August 12th, 2021
On the 26th May, Tell hosted their second Esports tournament between the teams Flight vs Unity. This was a Counter-Strike: Global Offensive ‘winner stays on’ tournament. Now, already, in just two sentences I’ve used terminology and phrases that to some could resemble an alien language. As I tuned in to support my teammates working on the production, I realised just how specialised the language used within esports is and how, if you aren't in the know (as I wasn't), you can miss out on some really valuable information. So, with the help of our resident esports genius Alex, I’ve compiled a glossary of some of the key terms and phrases that pop up throughout the esports world. With the help of this handy guide, your viewing experience will be taken to the next level, no matter how much exposure you’ve previously had.
Now, I do have to give a disclaimer here that this collection of terms is from my limited esports viewing and is CS:GO specific. Like traditional sports, each esport is different and has a different dictionary. However, a lot of the concepts carry over from game to game, with a simple change of the name or slight differences in function.
Counter Strike; Global Offensive is the fourth game in the Counter Strike franchise and features two sides, the Terrorist side and Counter-Terrorist side. The rounds of the game are characterised by objectives such as rescuing hostages or prevention of a bomb being planted. There are more terms used in CS:GO than just the ones below, but these are some you will almost definitely hear our casters (commentators) use!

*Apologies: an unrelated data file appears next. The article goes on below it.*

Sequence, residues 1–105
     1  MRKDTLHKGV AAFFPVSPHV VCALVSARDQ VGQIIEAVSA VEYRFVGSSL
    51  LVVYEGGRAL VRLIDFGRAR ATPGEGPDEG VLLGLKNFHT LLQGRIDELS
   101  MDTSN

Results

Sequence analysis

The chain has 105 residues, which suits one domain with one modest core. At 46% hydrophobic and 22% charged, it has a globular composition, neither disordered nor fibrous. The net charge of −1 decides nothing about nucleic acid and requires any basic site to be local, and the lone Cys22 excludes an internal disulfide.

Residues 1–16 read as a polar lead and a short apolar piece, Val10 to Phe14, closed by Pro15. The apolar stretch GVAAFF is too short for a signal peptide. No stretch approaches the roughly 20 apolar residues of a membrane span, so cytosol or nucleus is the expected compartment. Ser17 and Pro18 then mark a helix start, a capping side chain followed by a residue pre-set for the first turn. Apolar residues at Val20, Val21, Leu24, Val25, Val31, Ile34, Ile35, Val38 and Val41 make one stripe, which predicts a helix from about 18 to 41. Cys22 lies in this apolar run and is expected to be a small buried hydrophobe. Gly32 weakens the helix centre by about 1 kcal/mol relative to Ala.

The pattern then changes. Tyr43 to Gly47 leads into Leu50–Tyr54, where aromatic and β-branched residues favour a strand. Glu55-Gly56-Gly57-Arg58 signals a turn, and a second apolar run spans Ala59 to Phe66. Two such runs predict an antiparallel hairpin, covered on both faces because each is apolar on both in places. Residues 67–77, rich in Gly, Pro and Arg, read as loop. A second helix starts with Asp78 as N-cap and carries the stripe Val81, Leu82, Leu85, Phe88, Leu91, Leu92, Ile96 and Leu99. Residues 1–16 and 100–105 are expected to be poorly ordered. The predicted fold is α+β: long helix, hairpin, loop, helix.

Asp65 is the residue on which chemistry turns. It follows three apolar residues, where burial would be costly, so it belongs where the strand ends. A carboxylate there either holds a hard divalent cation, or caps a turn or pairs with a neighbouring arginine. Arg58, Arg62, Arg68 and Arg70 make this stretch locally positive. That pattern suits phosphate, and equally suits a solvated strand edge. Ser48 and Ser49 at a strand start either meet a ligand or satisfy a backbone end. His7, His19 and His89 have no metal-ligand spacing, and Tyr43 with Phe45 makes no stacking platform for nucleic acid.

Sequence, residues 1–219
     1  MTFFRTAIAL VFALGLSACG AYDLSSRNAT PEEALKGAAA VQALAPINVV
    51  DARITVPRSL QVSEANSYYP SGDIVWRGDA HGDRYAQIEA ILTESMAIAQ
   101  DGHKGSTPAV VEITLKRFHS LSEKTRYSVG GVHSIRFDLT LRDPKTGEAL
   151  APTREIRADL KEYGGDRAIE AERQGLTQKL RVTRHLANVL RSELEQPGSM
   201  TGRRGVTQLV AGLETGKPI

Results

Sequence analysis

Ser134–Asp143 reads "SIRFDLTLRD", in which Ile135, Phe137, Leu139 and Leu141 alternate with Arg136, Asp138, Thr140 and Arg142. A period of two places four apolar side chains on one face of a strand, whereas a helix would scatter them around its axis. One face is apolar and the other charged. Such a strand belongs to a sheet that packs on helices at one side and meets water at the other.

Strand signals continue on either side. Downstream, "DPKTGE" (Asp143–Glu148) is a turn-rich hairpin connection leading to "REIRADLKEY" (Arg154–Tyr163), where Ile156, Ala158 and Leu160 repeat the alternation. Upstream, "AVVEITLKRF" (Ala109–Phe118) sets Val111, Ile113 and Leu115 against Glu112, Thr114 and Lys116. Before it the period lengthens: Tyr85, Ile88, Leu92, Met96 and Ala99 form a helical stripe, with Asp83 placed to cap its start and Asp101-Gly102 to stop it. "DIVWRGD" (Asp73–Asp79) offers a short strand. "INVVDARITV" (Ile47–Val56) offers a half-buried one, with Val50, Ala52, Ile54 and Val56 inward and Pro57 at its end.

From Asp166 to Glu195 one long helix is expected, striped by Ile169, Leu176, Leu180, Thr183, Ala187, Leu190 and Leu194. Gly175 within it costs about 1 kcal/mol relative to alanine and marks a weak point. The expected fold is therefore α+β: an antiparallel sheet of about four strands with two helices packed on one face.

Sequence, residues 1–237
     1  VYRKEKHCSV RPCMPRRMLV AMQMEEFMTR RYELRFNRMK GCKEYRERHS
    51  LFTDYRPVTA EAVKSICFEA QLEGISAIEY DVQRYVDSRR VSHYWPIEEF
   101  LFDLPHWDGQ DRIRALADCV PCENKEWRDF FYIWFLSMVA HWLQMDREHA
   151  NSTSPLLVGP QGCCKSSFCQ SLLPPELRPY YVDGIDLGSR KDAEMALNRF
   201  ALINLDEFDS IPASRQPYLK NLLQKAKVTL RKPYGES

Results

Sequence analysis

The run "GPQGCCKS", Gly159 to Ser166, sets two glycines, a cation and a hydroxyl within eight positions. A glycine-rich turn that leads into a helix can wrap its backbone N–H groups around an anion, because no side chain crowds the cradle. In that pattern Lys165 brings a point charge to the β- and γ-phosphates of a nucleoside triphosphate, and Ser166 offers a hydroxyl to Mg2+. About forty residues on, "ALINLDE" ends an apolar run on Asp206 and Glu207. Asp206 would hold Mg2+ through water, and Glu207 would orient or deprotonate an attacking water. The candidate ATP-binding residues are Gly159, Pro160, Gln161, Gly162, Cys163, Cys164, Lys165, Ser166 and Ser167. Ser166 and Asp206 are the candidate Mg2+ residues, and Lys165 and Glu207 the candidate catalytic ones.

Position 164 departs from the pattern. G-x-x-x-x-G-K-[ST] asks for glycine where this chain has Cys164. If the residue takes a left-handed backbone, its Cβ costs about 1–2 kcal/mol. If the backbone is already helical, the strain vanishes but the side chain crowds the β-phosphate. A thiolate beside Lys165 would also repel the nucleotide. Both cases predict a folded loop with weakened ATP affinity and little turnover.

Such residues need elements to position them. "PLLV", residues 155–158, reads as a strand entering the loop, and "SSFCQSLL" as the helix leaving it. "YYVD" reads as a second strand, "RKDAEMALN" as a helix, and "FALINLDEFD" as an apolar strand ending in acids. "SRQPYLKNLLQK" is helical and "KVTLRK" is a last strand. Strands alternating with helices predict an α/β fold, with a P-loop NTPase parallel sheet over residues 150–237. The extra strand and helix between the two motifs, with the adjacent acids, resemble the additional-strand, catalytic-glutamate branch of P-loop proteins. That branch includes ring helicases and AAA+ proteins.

An ‘A’ or ‘B’ Fake is when the ‘Terrorist’ side pretends to be pushing onto Bombsite A or Bombsite B (the two map locations the Terrorists are trying to reach), but in reality are going to the other location. This is intended to move the Counter-Terrorists away from the site the Terrorists want to take. Very sneaky!
ADR is an acronym for ‘Average Damage per Round’. This refers to how much HP a player has taken off the opposing team per round. P.S. ‘HP’ means Hit Points and refers to the health of a player.
This is short for 'Counter-Terrorist side' and 'Terrorist side' and refers to which side the teams are playing on. Keep an eye out though as both teams switch sides at halftime (after 15 rounds)!
CS:GO has an in-game economy which rewards teams for doing well. Those winning rounds and getting kills will be able to afford better weapons consistently. Eco is a round where teams purchase very little.
The gameplay is the action itself that takes place from the start to the end of the match.
Each has its own name such as ‘Mirage’ or ‘Vertigo’. Maps are in-game locations where the gameplay takes place. CS:GO has an 'active duty pool' of maps, which rotate approximately once every 18 months. This rotation keeps players on their toes with a change of layout and terrain.
These are examples of 'callouts' or locations on the map. If a player is telling his team '1 Market', they mean there is one enemy player in Market. ‘5 Banana’ can be a healthy diet, but in CS:GO, it means you should prepare for action towards B Site on Inferno.